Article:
After two years of self-imposed travel black-out to Europe, I finally decide to take the plunge for an opera trip to the Bayreuth Festival in Germany. After applying for two years in 2017 and 2018 unsuccessfully, I was offered a slot to purchase tickets for Wagner’s Ring cycle for 2022.
Normally all performances are sold out years in advance. You qualify after four years of application. I’m sure the COVID pandemic was a big detractor for many, so my chances of getting tickets were improved. I deliberated back and forth until I was advised by others to “live my life as I would have normally before the pandemic”.
I am taking a break from the past year’s construction project. If you have been following the story of the ADU (accessory dwelling unit) under the direction of Foreman Felix, we will resume after this two week diversion!
Munich–the Gateway to Bayreuth
After a direct flight from San Francisco to Munich, it felt odd to suddenly be plopped out of nowhere to a country that I had studied and admired so much. Being in Germany reminded me of all the reasons I became a Germanophile: Citizens take the environment and sustainability seriously; clean, predictable, comfortable public transportation; appreciation for and attention to architectural detail; and safe streets (except for bicyclists running over pedestrians).
Refreshing my German language studies before coming helped to prepare me, despite a huge reliance on fully capable English-speaking Germans. The immediate sensual experiences were the lush green countryside, church bells ringing, and the distinct lack of smell or taste.
This summer, scores of public transport agencies have joined together to offer a special incentive to use their services. For a flat price of 9 Euros, passengers can ride any of the local agencies throughout Germany for an entire month (June, July and August). You can get just about anywhere in Germany, as often as you want, for the price of a round-trip subway ticket!
Many residents were concerned that trains and buses would be overcrowded. Rush hours and popular tourist sites need to be avoided, but the summer months are normally the lowest ridership. I wondered if statistics were due to the high volume of Germans traveling outside the country during summer months pre-Pandemic. In any event, it appeared that my three changes to reach Bayreuth were completely manageable.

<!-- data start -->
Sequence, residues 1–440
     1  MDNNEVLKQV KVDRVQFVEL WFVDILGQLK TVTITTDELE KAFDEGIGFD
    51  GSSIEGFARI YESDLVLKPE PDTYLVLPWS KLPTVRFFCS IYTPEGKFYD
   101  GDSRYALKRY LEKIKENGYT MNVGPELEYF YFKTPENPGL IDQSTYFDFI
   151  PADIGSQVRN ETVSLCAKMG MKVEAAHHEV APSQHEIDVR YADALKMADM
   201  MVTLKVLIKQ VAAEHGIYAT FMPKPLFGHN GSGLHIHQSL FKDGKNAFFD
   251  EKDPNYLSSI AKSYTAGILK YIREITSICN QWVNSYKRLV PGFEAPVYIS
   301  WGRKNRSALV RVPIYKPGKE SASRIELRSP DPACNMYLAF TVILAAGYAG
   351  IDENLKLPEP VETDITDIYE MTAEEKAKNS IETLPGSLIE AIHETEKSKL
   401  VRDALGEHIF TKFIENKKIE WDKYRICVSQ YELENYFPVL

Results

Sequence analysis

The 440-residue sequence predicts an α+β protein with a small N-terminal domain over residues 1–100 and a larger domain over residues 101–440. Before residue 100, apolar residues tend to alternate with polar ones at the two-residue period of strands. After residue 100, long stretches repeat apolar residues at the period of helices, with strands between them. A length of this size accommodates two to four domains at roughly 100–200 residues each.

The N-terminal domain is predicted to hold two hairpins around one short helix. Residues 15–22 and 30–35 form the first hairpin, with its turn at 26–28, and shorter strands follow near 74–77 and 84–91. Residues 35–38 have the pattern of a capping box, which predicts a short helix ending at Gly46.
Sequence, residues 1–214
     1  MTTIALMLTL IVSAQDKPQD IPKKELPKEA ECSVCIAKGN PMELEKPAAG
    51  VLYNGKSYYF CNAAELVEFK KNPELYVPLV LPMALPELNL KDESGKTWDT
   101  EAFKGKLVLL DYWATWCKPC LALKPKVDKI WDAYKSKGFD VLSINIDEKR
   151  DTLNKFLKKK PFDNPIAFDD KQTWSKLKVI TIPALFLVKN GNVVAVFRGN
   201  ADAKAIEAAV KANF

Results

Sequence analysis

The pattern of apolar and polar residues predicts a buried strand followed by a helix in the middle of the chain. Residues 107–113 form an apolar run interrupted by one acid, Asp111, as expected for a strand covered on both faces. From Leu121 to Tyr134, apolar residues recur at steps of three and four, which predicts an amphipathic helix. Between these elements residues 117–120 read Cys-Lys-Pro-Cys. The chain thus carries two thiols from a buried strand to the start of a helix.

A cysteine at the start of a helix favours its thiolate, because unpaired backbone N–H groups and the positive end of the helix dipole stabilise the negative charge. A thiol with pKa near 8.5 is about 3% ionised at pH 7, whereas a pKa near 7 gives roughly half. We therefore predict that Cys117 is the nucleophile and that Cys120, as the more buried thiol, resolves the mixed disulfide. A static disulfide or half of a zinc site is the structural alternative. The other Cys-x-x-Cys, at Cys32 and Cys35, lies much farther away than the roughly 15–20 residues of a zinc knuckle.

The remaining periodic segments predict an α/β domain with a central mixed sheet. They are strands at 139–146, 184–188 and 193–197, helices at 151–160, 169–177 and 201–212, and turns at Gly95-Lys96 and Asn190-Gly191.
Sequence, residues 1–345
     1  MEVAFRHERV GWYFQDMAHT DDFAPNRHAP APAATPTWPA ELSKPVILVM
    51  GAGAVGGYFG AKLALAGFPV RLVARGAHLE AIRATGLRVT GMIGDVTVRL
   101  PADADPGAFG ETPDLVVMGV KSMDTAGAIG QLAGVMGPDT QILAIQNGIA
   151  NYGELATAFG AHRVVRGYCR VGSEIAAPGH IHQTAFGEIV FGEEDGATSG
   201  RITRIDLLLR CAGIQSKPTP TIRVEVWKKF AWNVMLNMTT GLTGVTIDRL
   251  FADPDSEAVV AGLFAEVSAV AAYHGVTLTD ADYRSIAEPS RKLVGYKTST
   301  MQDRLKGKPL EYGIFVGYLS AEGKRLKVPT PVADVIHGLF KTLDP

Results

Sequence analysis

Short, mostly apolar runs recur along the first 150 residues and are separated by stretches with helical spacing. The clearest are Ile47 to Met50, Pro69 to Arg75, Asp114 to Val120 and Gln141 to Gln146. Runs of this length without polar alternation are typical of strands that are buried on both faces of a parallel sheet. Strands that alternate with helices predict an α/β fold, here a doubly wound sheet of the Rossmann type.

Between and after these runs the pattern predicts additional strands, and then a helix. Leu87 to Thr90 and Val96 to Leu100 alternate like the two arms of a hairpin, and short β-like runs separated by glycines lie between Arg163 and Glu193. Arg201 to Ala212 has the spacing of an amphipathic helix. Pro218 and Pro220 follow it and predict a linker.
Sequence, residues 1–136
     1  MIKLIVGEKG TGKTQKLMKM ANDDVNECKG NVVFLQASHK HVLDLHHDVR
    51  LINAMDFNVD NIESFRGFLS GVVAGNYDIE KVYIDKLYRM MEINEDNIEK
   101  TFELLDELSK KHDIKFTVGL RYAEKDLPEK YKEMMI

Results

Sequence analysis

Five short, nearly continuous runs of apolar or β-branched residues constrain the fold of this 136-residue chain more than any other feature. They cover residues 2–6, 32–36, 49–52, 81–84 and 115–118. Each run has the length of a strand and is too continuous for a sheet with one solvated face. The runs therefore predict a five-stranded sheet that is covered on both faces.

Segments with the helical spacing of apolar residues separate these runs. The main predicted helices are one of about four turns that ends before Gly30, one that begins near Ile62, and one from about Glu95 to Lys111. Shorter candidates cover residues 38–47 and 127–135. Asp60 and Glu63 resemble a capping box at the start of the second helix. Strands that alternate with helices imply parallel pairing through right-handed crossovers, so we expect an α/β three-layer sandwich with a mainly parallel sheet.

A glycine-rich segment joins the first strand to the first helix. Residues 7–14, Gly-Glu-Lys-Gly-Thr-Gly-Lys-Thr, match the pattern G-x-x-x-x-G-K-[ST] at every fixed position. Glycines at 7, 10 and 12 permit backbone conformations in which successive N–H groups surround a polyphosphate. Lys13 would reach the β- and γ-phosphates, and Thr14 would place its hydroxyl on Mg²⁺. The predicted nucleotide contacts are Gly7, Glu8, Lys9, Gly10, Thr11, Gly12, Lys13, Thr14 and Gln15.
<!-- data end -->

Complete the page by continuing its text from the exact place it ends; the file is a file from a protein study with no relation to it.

Dachau Memorial Site
Worry-free travel encouraged me to venture to Dachau to visit the grim Concentration Camp outside of Munich. Now known as a Memorial Site, it was a second visit for me. It was not as jarring as the first, when memories were raw and more startling.
Mature beech trees and religious institutions are now located on the site to reduce the impact to visitors. Audio-visual materials translated into English helped to describe what happened. Efforts to explain economic hardships after World War I and during the Thirties gave perspective on the past. When the Americans arrived in 1945, prisoners were freed. Unfortunately, the advent of the Cold War distracted the war trials. Few were held accountable for causing the Holocaust.
Alte and Neue Pinokoteks and the Modern Pinokotek
This extensive array of Western Art from the Greeks to Impressionists propelled me into full museum battlement. I covered many miles by foot and found the masters including DaVinci, Raphael, Durer, Van Gogh and Manet. I was delighted to find an Egon Schiele, one of my favorite artists. And the pastel collection was a great value lesson on how the medium achieves more luminosity over oil paintings. Pastel artists struggled with the chalky powder, so I felt vindicated by my shared frustration.
From the Alte Pinothek to the Modern, I searched specifically for any display of Thonet bentwood chairs. My early education as a design major gave me an appreciation for the best industrial design and chair production. The Modern Pinothek did not disappoint–in fact it showcased a chorus line of beautiful period Thonet chairs in chronological order!
In the trendy Schwabing neighborhood where I was staying, I stumbled into a woodworker’s shop specializing in Bentwood refurbishing. Like many Germans in August, the proprietor was on “urlaub”, or vacation. A peek through his shop window motivated me to follow up with him after my return to the U.S. I also learned from conversations with a retail supplier that, while “Thonet” is produced in Germany, “Brueders Thonet” is a separate company out of Vienna, Austria. Important to know the date and source of production when searching for vintage pieces.
Several spins around Schwabing, the equivalent to St. Germain de Pres and near the Ludwig Maximilian University, yielded a boutique selling exquisite hats and headpieces, an academy for ancient Greek Sculpture where you can sketch to your heart’s delight, cute babies, and a yummy French bistro next to the hotel where I stayed.
(Note: the copper pipe in the featured photo above would never survive in San Francisco! Ah…such trust…)
I’m off to Bayreuth, about three hours by train-bus-train to see Wagner’s Ring Cycle! Sixteen hours of sitting in a theatre seat could just about get me around the world! Yes, the gods must be crazy and I am about to find out.
Don’t forget to write from wherever you are! When was the last time you were in Germany?!?